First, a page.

Education News Roundup: Oct. 11 – 2016

 

Artwork by second grade students at Quail Hollow Elementary

Artwork by second grade students at Quail Hollow Elementary

Today’s Top Picks:

 

State Board Endorses Ballot Measure That Would Better Fund Schools http://gousoe.uen.org/86Z (UTPo)

 

Utah State Board of Education October Meeting Summary http://gousoe.uen.org/87q (UTPublicEd)

 

Teens in juvenile detention learn to rebuild bikes through new program http://gousoe.uen.org/87i (SE) http://gousoe.uen.org/87n (AP)

 

Survey shows misplaced mistrust in Utah schools, administrators Does perception match reality in education spending?

http://gousoe.uen.org/876 (SLTrib)

http://gousoe.uen.org/87c (DNews)

 

Here’s How Schools Can Soften The Blow Of Sixth Grade http://gousoe.uen.org/87p (NPR)

 

 

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TODAY’S HEADLINES

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UTAH

 

State Board Endorses Ballot Measure That Would Better Fund Schools State board endorses proposal to send more money to schools from Utah lands fund

 

Utah State Board of Education October Meeting Summary

 

Survey shows misplaced mistrust in Utah schools, administrators Does perception match reality in education spending?

 

Teens in juvenile detention learn to rebuild bikes through new program

 

Are Utah schools violating diabetic students’ rights?

 

New Utah Schools for the Deaf and the Blind campus opens

 

Utah teen deaths probed amid national synthetic drug wave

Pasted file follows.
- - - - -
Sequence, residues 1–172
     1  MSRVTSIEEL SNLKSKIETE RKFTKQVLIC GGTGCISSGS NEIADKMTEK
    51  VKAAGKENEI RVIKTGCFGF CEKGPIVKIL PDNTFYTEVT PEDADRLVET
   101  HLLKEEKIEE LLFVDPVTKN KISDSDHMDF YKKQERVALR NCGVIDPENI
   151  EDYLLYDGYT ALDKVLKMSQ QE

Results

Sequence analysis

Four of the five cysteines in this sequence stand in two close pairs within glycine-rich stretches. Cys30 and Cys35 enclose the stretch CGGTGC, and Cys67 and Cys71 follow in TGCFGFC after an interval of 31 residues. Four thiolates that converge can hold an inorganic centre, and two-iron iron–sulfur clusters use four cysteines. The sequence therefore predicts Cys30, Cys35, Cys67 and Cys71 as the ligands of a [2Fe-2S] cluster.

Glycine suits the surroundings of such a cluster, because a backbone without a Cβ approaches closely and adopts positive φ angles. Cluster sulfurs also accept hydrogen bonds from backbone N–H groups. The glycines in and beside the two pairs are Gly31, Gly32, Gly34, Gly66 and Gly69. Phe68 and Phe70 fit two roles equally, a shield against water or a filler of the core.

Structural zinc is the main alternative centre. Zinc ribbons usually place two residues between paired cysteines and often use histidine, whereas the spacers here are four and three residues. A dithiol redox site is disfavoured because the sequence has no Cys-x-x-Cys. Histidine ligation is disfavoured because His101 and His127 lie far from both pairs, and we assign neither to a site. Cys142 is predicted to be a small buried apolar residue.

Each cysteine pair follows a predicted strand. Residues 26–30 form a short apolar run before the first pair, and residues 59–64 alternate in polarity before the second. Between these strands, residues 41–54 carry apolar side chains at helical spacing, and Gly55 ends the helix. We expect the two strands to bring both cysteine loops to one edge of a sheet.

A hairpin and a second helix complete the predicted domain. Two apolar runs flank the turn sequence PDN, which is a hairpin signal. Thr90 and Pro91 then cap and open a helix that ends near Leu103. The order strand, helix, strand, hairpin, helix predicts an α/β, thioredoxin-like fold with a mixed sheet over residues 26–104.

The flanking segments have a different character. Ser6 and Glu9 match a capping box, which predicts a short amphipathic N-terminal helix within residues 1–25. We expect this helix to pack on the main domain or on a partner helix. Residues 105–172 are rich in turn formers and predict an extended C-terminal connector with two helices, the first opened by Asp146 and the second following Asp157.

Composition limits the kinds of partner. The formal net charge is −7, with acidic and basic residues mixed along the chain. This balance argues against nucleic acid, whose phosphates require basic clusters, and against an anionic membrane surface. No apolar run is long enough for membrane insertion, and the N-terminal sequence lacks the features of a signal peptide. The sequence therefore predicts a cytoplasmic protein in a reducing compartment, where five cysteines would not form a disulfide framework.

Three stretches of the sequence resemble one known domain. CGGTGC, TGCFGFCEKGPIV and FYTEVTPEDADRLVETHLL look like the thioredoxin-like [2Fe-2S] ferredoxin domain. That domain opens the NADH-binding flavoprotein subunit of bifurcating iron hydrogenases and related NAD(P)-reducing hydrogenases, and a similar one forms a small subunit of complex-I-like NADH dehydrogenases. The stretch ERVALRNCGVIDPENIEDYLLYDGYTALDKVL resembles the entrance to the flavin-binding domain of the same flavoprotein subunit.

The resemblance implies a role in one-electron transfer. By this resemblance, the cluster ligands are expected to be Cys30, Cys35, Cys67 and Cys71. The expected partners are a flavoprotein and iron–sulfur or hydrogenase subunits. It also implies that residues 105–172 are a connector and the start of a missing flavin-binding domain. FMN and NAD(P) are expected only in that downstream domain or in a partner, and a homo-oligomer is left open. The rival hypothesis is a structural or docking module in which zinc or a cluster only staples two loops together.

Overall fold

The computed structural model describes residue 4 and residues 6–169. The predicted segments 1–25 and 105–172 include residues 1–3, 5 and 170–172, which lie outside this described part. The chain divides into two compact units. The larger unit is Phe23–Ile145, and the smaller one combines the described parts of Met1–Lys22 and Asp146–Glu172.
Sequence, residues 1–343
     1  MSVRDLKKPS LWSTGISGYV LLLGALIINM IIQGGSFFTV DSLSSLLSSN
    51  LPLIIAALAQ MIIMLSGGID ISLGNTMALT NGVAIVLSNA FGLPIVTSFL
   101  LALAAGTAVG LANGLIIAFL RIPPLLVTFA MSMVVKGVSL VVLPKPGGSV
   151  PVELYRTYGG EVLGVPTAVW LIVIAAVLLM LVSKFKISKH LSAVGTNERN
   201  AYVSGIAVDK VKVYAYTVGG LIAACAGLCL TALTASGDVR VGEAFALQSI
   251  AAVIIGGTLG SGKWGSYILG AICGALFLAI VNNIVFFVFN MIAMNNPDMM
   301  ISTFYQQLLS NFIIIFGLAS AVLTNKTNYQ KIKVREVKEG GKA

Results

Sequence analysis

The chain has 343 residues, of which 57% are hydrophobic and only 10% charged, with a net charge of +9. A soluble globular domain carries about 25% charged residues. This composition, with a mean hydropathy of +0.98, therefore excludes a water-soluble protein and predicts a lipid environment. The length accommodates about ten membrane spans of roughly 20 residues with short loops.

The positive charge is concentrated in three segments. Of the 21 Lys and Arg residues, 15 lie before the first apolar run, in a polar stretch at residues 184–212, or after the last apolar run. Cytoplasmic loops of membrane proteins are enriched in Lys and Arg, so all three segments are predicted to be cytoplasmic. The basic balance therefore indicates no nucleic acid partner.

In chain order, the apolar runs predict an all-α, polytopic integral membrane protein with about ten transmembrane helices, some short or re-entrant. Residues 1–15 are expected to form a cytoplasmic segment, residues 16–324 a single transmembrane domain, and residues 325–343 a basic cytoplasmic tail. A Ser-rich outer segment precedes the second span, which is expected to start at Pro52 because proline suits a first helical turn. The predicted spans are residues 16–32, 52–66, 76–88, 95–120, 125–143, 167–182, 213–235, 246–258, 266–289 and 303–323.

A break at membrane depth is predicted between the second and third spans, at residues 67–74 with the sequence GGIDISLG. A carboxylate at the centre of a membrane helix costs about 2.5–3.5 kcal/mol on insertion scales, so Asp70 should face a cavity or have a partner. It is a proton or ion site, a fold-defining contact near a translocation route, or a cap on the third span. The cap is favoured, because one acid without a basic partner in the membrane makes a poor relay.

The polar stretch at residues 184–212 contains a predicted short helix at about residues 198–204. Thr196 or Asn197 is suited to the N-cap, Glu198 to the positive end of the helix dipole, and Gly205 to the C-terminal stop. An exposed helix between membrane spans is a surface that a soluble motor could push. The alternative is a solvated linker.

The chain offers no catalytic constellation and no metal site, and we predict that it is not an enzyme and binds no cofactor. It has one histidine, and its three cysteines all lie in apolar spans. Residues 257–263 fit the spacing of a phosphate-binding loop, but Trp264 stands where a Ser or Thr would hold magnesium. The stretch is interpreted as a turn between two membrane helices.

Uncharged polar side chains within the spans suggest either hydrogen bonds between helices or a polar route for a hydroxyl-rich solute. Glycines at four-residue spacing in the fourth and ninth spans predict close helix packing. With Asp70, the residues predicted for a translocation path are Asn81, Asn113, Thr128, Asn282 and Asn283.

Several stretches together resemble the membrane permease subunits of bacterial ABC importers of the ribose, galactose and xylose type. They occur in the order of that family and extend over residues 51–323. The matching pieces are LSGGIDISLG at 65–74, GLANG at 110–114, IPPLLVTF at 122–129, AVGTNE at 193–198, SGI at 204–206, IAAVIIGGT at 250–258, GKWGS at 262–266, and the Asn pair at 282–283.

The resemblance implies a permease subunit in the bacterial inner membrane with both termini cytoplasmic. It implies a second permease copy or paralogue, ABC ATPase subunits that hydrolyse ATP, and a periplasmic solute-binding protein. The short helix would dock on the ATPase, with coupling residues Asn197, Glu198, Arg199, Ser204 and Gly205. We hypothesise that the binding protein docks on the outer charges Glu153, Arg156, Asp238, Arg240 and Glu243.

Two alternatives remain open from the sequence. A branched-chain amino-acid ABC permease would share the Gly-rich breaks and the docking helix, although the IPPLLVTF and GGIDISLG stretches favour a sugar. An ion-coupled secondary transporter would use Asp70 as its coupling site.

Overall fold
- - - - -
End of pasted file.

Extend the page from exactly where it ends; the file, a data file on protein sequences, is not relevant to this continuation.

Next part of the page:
Feds investigate Utah teacher’s use of racially charged word US Department of Education investigates South Ogden teacher using racial slur

 

Lockout ends at Roy High, Sand Ridge Junior High after threat was received

 

Pony Express Elementary receives PTA award after resurrecting arts program

 

‘Have the power’: Buses bedecked with students’ superhero art

 

Charges pending after High School fight sends one teen to the hospital

 

School board candidates say ‘Just say no’ to tax increases, differ on Common Core

 

Here’s How Schools Can Soften The Blow Of Sixth Grade

 

 

OPINION & COMMENTARY

 

Op-ed: Utah students need real sex ed and ‘Fight the New Drug’

 

Don’t give away tax dollars that support schools

 

Doug Robinson: Principal making ‘purposeful’ effort to build an identity at new school

 

Clowns, we’re laughing at, not with you

 


NATION

 

Sharp differences between Clinton and Trump on education

 

Chicago mayor buys peace with teachers, fiscal impact uncertain

 

Bilingual Education Poised for a Comeback in California Schools State’s voters may end era of ‘English-only’ instruction

 

U.S. Department of Education Issues First-Ever Pay for Success Awards to Expand Opportunity in Career and Technical Education, Dual Language Programs